Renko nonetheless mounts a three-pronged attack upon the parent-child immunity doctrine. She asserts that (1) adult children should be allowed to maintain actions against their parents for injuries occurring in their minority; (2) no contemporary justification exists to apply the doctrine to the facts of the case sub judice in light of compulsory motor vehicle liability insurance; and (3) any such application is violative of Articles 19 and 24 of the Maryland Declaration of Rights and of the Fourteenth Amendment to the United States Constitution. We shall address each of these contentions in turn.


Renko correctly points out that we have permitted suits between parents and their minor children in limited circumstances. For instance, we have held that a minor child may maintain an action against a father's business partner for alleged negligence arising out of the operation of the partnership. Hatzinicolas v. Protopapas, 314 Md. 340, 550 A.2d 947 (1988). That decision was predicated upon our belief that the parent-child relationship, so important to the parent-child immunity rule, would remain inviolate in a suit against the father's business partner. Id. at 357, 550 A.2d at 947.

We further observed that (1) assuming the existence of a business liability insurance policy, the father had already paid his share of liability through his contribution to policy premium payments; or (2) it would otherwise be unrealistic to assume that the father did not take his partnership contribution obligation 10 10 into account when the familial decision was made to initiate a suit against his partner; and (3) although the ultimate decision to sue may impair or even destroy the relationship between the partners, that relationship is not the focus or concern of the parent-child immunity rule. Id. at 358, 550 A.2d at 956. Thus, despite the possible financial impact upon the father (and therefore, the family) by the successful prosecution of a suit against his business partner by a minor child, we concluded that "preservation of the family interests [justifying the parent-child immunity doctrine] does not require [the extension of the doctrine] to bar any recovery from a parent's partner." Id. at 357, 550 A.2d at 955.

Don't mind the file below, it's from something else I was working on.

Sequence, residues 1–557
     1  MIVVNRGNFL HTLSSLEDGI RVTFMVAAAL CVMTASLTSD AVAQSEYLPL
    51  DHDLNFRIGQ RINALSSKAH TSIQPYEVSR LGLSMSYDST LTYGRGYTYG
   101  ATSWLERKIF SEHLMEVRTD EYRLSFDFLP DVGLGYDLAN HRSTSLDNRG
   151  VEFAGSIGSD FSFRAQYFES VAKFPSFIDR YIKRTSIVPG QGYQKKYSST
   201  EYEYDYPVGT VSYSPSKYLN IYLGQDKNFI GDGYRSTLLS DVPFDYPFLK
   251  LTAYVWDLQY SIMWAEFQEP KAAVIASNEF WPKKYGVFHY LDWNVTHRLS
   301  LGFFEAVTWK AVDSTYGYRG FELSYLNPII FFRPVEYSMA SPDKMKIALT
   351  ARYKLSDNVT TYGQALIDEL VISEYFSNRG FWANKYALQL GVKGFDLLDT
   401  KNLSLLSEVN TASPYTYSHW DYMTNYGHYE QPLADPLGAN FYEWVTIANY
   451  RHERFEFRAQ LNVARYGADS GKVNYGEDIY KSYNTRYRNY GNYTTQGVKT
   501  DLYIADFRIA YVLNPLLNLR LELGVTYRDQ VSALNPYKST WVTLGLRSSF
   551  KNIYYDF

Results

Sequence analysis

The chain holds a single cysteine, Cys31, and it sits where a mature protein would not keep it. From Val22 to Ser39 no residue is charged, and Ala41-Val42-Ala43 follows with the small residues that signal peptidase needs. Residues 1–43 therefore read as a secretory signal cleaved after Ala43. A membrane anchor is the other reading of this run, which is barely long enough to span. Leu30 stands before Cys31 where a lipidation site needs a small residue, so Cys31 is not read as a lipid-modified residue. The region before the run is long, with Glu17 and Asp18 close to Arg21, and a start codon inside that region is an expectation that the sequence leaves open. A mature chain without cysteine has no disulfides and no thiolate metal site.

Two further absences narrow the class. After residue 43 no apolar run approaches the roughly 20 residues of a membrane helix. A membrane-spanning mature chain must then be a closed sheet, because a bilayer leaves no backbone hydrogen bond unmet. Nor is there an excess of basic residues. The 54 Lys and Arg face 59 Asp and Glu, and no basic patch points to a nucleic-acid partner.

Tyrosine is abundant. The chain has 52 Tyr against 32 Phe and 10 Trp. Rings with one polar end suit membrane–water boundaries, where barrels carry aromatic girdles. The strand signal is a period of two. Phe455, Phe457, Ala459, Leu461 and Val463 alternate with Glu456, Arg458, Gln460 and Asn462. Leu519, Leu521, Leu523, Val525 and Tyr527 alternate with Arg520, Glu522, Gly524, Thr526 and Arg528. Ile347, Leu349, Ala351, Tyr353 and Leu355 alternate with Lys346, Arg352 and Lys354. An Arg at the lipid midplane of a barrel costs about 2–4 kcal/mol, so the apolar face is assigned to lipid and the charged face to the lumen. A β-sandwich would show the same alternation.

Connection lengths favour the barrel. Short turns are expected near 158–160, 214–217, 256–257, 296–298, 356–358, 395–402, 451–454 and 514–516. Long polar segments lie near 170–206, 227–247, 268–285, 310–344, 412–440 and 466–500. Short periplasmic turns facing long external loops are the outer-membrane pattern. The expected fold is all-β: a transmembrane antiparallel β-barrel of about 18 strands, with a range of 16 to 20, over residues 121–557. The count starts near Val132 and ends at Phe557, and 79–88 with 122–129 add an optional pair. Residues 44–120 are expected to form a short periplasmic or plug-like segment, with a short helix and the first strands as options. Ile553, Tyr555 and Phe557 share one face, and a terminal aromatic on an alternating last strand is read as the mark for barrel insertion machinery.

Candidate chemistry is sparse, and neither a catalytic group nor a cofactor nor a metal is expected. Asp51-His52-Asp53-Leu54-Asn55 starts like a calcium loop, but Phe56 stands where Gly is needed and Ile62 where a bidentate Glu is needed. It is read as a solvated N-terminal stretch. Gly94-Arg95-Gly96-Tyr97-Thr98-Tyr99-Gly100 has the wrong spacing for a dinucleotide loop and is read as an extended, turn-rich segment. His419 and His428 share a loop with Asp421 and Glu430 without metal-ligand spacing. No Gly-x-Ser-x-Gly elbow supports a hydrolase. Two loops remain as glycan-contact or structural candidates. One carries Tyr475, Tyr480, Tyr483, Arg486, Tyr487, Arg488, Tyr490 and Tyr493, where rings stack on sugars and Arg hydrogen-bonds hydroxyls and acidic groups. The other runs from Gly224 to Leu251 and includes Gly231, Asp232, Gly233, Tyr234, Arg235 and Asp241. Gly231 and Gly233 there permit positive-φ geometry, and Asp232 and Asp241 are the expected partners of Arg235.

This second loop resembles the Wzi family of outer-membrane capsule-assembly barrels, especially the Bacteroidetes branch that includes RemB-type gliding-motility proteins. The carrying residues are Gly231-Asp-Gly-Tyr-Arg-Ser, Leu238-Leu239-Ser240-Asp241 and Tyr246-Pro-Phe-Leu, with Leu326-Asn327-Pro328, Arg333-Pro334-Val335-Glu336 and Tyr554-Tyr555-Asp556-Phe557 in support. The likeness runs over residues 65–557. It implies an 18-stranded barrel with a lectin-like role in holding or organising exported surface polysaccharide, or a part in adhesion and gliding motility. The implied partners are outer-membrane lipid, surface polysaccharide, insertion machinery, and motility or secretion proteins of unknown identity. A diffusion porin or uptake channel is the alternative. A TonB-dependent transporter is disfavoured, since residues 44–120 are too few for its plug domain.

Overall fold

Recognizing that reality sometimes belies the ideal of family life, our predecessors also deemed permissible a suit by a minor child against her father's estate for alleged injuries she sustained when, within the span of one week, the father both murdered the child's mother and committed suicide in the child's presence. Mahnke v. Moore, 197 Md. 61, 77 A.2d 923 (1951). The Court reasoned that

"[i]n these circumstances, there can be no basis for the contention that the daughter's suit against her father's estate would be contrary to public policy, for the simple reason that there is no home at all in which discipline and tranquility are to be preserved.... [W]hen ... the parent is guilty of acts which show complete abandonment of the parental relation, the rule giving him immunity from suit by the child, on the ground that discipline should be maintained in the home, cannot logically be applied, for when he is guilty of such acts he forfeits his parental authority and privileges, including his immunity from suit.... Justice demands that a minor child shall have a right of action against a parent for injuries resulting from cruel and inhuman treatment or for malicious and wanton wrongs."

Id. at 67-68, 77 A.2d at 926.

Renko contends that since this Court has already permitted children to maintain actions against their parents for acts occurring after the child reaches the age of majority, see Waltzinger v. Birsner, 212 Md. 107, 128 A.2d 617 (1957), we should take the logical step of allowing otherwise adult children to sue their parents for wrongful acts that occur during minority. We see no such logic. In fact, Renko's proffered solution to her particular dilemma would result in a de facto abrogation of the parent-child immunity doctrine in its entirety.

Maryland Code (1995 Repl.Vol., 1996 Supp.), § 5-201 OF THE COURTS & JUDICIAL PROCEEDINGS ARTICLE11 permits minors to bring tort actions for injuries sustained in minority at the hands of another within three years after reaching the age of majority. Thus, an injured minor child could simply wait until reaching the age of majority before initiating a suit that is otherwise barred in his or her infancy. In that circumstance, the parent-child immunity doctrine would serve not as a bar to actions between parent and child, but rather as an obstacle easily overcome with the passage of time. The looming specter of a lawsuit is as surely detrimental to family peace and harmony and parental authority as is the actual suit itself. Given this Court's long commitment to the parent-child immunity ...